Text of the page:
Prokofiev: Piano Concerto No. 1 in D-flat Major, Opus 10

Concerto No. 1 in D-flat major for Piano and Orchestra, Opus 10

Sergei Sergeievich Prokofiev was born in Sontsovka, in the Ekaterinoslav district of Ukraine, on April 23, 1891—so he always said, though his birth certificate said April 27—and died in Moscow on March 5, 1953. He composed his Piano Concerto No. 1 in 1911 and served as soloist when the piece was premiered on August 7, 1912, at Sokolniki Park, a Moscow suburb, with Konstantin Saradzhev conducting. Prokofiev also introduced this music to America; that was on December 10, 1918, in New York, with the Russian Symphony Orchestra conducted by Modest Altschuler. This work was introduced to San Francisco Symphony audiences by pianist John Browning, with Seiji Ozawa conducting, in January 1971; in the most recent subscription performances here, in April 2004, Yefim Bronfman was soloist and Esa-Pekka Salonen conducted. The score calls for two flutes and piccolo, two oboes, two clarinets, two bassoons and contrabassoon, four horns, two trumpets, three trombones, tuba, timpani, bells, and strings, in addition to the solo piano. Performance time: about sixteen minutes.

Sergei Prokofiev died in Moscow at about 9:00 on the evening of March 5, 1953, as the sudden result of a cerebral hemorrhage. Americans learned of his passing before most Soviets did. By a curious turn of fate, his last act was upstaged in his own land by one of the few personalities capable of doing so: Joseph Stalin, who died less than an hour after Prokofiev. All official attention would be turned toward Stalin’s obsequies. As a result, not more than fifty people attended Prokofiev’s funeral, at which David Oistrakh played excerpts from the composer’s F minor Violin Sonata and Sviatoslav Richter placed a pine bough on the coffin.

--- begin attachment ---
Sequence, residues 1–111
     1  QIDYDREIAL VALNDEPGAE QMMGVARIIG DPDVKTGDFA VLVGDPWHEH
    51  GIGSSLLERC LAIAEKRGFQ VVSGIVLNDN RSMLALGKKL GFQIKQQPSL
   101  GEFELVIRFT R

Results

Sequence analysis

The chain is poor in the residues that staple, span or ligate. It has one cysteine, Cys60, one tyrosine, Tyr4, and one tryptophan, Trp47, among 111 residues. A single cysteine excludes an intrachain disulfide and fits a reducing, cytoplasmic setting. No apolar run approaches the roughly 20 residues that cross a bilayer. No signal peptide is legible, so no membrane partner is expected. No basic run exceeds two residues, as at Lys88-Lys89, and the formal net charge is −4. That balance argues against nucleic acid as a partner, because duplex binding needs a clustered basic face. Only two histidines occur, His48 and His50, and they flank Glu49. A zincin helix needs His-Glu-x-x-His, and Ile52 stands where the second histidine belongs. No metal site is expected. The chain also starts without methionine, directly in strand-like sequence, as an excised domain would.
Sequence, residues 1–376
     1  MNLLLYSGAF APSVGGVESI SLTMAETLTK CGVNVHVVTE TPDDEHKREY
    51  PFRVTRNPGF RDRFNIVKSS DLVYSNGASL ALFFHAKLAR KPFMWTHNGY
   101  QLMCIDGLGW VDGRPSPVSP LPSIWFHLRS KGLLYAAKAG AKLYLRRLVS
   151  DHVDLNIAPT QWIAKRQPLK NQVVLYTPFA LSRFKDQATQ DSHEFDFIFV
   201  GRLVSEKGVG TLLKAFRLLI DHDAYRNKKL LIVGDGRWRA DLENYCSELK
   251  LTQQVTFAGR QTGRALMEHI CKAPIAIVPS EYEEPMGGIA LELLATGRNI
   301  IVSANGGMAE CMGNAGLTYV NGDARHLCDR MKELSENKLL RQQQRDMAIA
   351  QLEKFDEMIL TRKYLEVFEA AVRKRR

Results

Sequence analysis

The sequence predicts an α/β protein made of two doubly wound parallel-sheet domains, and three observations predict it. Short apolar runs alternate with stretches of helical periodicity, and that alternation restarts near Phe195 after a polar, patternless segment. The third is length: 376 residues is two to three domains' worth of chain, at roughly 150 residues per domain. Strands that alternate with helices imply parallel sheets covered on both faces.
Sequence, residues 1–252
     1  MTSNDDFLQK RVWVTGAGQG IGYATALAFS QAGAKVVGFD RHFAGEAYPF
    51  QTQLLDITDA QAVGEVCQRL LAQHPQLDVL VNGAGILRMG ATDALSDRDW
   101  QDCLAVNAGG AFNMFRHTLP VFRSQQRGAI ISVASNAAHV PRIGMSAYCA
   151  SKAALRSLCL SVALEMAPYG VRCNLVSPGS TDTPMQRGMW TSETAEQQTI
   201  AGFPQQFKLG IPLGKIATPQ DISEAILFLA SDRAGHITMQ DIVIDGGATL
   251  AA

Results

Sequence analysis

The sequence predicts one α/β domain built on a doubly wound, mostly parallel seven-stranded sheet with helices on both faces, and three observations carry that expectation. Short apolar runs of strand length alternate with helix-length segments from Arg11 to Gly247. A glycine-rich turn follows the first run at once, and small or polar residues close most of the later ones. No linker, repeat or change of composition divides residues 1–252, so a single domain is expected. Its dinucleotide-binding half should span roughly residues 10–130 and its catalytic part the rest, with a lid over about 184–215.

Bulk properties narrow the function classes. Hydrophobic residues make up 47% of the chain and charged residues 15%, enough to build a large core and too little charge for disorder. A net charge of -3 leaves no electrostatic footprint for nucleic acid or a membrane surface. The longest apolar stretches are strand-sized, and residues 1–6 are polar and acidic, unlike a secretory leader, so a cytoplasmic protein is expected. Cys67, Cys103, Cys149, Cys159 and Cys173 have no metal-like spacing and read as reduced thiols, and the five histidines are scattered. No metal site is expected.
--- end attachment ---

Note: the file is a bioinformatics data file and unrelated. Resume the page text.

It was the final irony of a life that had seen more than its share of ironies, a quirky send-off to a composer whose work had often been informed by curious and even poignant juxtapositions. No one could have foreseen this in 1911, when he completed his Piano Concerto No. 1. At that time the Soviet Union itself lay in the future. Prokofiev had begun studying composition privately, guided at arm’s length by the distinguished composer Sergei Taneyev, by the time he entered the Saint Petersburg Conservatory at the age of twelve. He proved to be an exceptional student, studying piano with the celebrated Anna Essipova and conducting with Nicolai Tcherepnin.

Prokofiev was still a student when he premiered his Piano Concerto No. 1. He applied himself conscientiously to learning the piano part, writing to his friend Vasily Morolev, “it’s the first time I’ll have played with an orchestra” and “I have to know it by heart to play it confidently.” The gray suit he had intended to wear for the concert was stolen while he was en route. The only available piano was far from ideal. The orchestra didn’t start making sense of the piece until near the end of the rehearsal. And the horn players refused to play from untransposed parts, which meant that Prokofiev had to spend five hours in the sweltering summer heat copying out new parts for them. But other than that, it all turned out to be a pretty good experience for the young composer. Prokofiev wrote to his close friend Maximilian Schmidthof about the success of the premiere: “The concerto went well. Saradzhev realized all the tempos splendidly. The music was in my fingers. . . .  The outward success was considerable; there were a lot of summonses to the platform and three encores.”